The cosmos has a sense of humor. How else can one explain that Albert Einstein, beloved icon of math and physics, was born on March 14, or written another way, 3.14, which just happens to be the start of the irrational number pi.

This coincidence has not gone unnoticed. The first Pi Day was held in 1988 at the San Francisco Exploratorium, the museum that mixes art and science, to honor the never-ending number and Einstein’s birthday. In another cosmic coincidence, the Exploratorium was founded by Frank Oppenheimer, brother of Robert, friend and colleague of Einstein at Princeton’s Institute for Advanced Study.

Now Pi Day is celebrated by museums and universities worldwide. Pi Day has its own website,, and even Congress has recognized the fun of it all by passing House Resolution 224 in 2009 establishing March 14 as National Pi Day. Celebrations at schools, scientific labs, and museums range from recitations of pi to see who can memorize the longest sequence of the famous 3.14159265 to pie-judging contests, free pie, and all things pie.

Spearheaded by Mimi Omiecinski of the Princeton Tour Company, a consortium of organizations including Princeton Public Library and the Princeton Merchants Association have now embraced Princeton’s own Pi Day event, a tailor-made family-friendly holiday to celebrate Albert and his famous day on Sunday, March 14.

Princeton Tour Company, which offers a spectrum of theme-based walks throughout the Princeton area, including its popular pub crawls, ghost walking tours, and wine and cheese tours, has long offered its signature Albert Einstein Walking Tour. Omiecinski, who has plumbed scholarship and personal recollections of residents who knew Albert, the man and fellow Princeton denizen, regales participants with fascinating tidbits about Einstein’s life in Princeton. These stories emphasize the intense human side of the renowned scientist who, for example, for all his profound intellect still suffered from pinching shoes (helped out by Hulit’s Shoes on Nassau Street) and who called Princeton his home for more than 20 years.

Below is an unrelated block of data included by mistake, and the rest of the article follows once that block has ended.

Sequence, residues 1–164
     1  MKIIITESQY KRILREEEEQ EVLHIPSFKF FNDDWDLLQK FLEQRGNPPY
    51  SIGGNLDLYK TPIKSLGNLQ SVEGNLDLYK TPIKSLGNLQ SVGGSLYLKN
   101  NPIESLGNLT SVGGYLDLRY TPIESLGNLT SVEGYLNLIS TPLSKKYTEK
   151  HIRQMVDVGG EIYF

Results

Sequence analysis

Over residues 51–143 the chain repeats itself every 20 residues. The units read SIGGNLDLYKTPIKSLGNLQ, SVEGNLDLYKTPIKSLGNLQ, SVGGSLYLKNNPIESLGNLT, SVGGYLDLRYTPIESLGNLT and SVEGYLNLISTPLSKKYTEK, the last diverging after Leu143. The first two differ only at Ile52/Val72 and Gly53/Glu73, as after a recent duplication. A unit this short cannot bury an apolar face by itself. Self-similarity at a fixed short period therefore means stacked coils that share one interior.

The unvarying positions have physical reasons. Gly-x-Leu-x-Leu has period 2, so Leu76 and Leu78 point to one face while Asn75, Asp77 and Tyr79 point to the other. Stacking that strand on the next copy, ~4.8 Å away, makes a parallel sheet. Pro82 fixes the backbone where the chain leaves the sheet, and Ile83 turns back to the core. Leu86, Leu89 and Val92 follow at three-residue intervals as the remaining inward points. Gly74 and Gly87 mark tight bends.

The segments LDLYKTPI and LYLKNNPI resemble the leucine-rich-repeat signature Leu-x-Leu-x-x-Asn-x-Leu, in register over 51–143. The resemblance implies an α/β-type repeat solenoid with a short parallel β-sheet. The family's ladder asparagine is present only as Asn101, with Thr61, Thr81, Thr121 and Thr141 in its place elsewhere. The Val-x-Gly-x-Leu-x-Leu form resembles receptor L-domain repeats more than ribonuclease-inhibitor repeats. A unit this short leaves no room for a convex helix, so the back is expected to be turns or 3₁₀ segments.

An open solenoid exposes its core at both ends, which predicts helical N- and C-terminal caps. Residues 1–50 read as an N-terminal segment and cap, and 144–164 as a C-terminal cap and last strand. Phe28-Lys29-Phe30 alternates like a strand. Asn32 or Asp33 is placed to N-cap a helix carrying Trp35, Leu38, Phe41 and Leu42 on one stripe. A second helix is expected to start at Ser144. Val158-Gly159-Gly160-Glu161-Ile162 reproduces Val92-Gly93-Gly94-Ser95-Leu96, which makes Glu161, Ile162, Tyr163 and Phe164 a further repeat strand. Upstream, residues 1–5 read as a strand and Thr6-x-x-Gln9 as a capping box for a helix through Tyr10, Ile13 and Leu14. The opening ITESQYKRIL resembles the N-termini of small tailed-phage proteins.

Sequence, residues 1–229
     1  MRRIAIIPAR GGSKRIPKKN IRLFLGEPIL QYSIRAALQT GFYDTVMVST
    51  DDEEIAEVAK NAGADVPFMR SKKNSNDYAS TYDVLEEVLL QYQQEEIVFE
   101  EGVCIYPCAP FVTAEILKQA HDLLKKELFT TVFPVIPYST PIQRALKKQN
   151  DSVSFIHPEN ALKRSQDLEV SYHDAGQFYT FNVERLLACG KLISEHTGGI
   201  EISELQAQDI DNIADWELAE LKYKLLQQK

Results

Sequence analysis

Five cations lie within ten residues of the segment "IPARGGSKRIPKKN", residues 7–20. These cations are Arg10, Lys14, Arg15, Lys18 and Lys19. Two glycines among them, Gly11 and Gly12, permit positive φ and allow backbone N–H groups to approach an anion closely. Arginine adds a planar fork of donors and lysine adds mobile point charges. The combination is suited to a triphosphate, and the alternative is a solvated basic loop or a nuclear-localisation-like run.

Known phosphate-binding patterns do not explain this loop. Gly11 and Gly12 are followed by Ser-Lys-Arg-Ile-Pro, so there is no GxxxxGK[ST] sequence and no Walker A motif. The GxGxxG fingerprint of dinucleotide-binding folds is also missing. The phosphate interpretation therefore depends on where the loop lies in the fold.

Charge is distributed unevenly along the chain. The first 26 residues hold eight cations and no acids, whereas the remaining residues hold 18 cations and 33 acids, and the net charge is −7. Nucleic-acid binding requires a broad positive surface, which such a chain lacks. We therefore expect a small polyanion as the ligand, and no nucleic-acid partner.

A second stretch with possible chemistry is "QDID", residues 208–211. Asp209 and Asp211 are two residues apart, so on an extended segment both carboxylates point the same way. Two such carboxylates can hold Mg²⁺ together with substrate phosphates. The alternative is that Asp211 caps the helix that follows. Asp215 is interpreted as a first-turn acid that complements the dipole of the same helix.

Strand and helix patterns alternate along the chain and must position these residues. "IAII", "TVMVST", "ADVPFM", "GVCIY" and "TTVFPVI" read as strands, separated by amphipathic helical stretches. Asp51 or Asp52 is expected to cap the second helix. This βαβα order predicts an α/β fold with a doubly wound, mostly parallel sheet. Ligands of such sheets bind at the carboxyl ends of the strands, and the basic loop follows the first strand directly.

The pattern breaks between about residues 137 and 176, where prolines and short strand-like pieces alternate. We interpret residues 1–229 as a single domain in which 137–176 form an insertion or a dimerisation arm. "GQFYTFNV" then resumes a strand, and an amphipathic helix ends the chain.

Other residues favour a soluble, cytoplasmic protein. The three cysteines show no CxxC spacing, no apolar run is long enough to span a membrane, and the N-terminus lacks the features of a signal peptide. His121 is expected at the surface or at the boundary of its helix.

Omiecinski, who was featured in U.S. 1 last spring (“A New View of Our Town,” May 6, 2009), is a Nashville native transplanted to Princeton in 2006, when her husband, Steve, relocated to the home offices of Johnson & Johnson. They have an eight-year-old son, Stosh. A 1988 graduate of the University of Tennessee, Omiecinski holds a degree in social work and began her career in health care marketing and sales. She developed Princeton Tour Company out of her instant adoration of the town. Omiecinski’s parents — her mother is a family therapist and her father is a financial planner — call Princeton their second home, and when her mother, Bella Renner, is in town, she leads the Einstein tour, focusing on the strong women in his life. On Pi Day, she will portray Einstein’s mother.

Pi Day dovetails with the public library’s centennial coming up this October. Proceeds from Princeton Tour Company’s Einstein-inspired walking tour, a pie-throwing event, as well as donations by some area merchants who are offering specials based on the 3.14 number, will go to support the library’s acquisition of science and math resources for all ages. While some may think that a free public library would be completely supported by the local government, that is not the case with Princeton, says Lindsey Forden, development director of the library. Only the operating costs are covered. Stocking the shelves with books, developing programs for patrons, purchasing materials, online resources, and even newspaper subscriptions must be met with private funding.

Pi Day commences on Sunday, March 14, at 1 p.m. at the library on Witherspoon Street with a pie-judging contest and the obligatory pi-recitation challenge for children. Jen’s Cakes & Pastries (“7 Women, 1 Kitchen,” U.S. 1, February 10) will provide the Einstein look-alike prize, a three-dimensional cake in the shape of Albert. Princeton Plasma Physics Lab will offer a family-friendly science afternoon of interactive experiments, such as blowing up marshmallows and getting an electricity-inspired Einstein hairstyle, in the library’s community room. Other activities include continuous screenings of movies including “IQ,” the romantic comedy starring Walter Matthau as Einstein, which was filmed in Princeton.